Much of the information the Office of Management and Budget refused to give a public watchdog group as requested must be released because it is not covered by FOIA exemptions, the U.S. Court of Appeals in Washington (D.C. Cir.) ruled last week.
In a puzzling twist, given the majority of the panel’s expressed respect for the public’s right to know, the court redacted large portions of its own opinion. The reason, the court said, was to avoid publicizing information that had not yet been disclosed, to allow OMB to appeal the decision.
The advocacy group, Public Citizen, had requested documents regarding which federal agencies were allowed to submit materials to Congress without clearance from OMB. The district court had allowed OMB to release redacted versions of 14 documents, under Exemption 2 to FOIA, which protects "predominantly internal" documents.
The appellate court, after inspecting the unredacted documents, said the fact that the documents were intended for internal use did not exempt them from FOIA. If they were exempt, the court reasoned, it would allow agencies to hide almost anything by marking it "for internal use only." In fact, the court said: "[T]he documents at issue here lie at the core of what FOIA seeks to expose to public scrutiny. They explain how a powerful agency performing a central role in the functioning of the federal government carries out its responsibilities and interacts with other government agencies."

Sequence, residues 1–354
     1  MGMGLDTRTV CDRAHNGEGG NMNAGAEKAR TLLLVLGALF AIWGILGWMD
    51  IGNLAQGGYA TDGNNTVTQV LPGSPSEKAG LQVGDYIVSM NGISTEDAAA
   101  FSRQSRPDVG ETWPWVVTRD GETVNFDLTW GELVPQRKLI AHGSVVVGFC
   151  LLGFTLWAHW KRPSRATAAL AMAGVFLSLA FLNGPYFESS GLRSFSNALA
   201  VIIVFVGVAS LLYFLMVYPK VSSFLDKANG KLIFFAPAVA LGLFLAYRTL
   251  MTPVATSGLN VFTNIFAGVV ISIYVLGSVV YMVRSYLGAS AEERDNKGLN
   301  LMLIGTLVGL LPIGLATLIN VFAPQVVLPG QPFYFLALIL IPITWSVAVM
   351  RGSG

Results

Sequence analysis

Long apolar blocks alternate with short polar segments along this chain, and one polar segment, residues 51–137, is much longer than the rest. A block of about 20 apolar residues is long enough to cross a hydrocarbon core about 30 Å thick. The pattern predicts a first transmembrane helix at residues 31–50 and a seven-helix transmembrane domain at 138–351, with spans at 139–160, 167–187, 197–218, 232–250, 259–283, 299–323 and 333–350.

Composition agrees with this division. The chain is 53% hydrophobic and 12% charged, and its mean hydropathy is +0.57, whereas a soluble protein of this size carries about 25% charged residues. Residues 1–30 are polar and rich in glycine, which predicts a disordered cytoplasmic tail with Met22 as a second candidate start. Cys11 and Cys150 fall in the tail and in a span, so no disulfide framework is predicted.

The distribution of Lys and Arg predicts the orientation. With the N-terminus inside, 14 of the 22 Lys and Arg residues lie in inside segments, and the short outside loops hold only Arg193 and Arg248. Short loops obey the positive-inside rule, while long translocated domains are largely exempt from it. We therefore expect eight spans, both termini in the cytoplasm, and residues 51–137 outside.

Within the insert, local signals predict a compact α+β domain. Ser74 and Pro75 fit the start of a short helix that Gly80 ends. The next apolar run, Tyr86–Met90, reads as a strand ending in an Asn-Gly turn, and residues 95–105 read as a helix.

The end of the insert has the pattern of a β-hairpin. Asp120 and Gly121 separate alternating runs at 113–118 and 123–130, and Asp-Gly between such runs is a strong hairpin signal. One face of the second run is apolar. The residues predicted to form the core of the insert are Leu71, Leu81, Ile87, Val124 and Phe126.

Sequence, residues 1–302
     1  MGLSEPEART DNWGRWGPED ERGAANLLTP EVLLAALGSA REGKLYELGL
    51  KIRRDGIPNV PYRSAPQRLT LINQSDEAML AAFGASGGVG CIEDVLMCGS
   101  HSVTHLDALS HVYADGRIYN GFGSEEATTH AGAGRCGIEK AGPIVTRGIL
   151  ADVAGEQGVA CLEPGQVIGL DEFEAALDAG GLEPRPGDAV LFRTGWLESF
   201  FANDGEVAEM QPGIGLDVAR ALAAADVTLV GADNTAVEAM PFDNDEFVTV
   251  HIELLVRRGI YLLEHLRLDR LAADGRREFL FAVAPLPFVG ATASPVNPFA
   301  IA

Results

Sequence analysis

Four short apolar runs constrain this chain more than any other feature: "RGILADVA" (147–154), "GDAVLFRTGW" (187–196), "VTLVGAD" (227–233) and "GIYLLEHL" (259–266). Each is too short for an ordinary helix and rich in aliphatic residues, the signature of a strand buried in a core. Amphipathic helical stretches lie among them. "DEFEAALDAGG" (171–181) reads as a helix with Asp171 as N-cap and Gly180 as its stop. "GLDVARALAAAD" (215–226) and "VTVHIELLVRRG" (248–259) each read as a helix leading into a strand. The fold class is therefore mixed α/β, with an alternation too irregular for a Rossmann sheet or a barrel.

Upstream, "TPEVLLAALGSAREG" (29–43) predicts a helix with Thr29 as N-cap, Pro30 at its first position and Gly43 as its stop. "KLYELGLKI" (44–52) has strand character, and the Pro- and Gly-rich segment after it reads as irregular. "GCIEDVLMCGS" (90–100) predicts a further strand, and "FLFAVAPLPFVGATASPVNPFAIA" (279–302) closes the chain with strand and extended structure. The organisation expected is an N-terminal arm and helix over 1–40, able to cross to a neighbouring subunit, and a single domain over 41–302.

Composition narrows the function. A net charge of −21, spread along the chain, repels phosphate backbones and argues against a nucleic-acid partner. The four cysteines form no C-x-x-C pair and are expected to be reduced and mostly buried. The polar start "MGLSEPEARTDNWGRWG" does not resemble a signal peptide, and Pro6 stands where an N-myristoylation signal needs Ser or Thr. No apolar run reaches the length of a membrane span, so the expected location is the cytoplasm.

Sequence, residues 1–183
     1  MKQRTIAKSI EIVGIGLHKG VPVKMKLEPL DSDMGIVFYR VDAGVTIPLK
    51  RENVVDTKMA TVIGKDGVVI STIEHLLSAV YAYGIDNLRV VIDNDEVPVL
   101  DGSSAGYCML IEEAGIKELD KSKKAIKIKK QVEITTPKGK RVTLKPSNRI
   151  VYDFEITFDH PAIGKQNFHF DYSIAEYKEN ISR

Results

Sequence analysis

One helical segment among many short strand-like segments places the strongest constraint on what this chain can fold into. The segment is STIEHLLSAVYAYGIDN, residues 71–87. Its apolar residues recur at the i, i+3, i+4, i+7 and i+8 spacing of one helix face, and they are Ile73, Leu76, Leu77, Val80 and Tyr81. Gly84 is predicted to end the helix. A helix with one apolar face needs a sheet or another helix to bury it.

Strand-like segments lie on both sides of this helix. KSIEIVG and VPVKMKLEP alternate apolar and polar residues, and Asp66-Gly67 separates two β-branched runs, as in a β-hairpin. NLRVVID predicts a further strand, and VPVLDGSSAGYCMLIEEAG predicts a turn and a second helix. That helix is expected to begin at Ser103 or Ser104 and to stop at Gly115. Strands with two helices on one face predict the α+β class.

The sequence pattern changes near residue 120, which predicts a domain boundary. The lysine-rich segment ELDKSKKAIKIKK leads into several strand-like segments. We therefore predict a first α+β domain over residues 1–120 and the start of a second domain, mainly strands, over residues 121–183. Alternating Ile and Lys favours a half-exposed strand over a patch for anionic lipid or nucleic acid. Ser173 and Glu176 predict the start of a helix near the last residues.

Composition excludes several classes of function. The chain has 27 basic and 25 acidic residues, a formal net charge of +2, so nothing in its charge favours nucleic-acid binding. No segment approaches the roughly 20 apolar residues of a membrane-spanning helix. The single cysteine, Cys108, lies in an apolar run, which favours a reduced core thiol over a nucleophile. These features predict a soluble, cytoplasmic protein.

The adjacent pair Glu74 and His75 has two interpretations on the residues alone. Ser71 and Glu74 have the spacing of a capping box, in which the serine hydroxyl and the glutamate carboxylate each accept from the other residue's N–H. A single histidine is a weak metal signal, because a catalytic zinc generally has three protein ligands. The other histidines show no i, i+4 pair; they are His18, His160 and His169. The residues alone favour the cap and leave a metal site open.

The circuit court also rejected OMB’s argument that the documents are entirely covered by Exemption 5 as "predecisional and deliberative." Factual information, such as the names of agencies that generally decline to get OMB clearance, cannot be withheld under that exemption, the court ruled.
The court ordered the release of one of the documents and sent the other 13 back to the district court to determine which portions, if any, can be redacted on the basis of being truly predecisional and deliberative.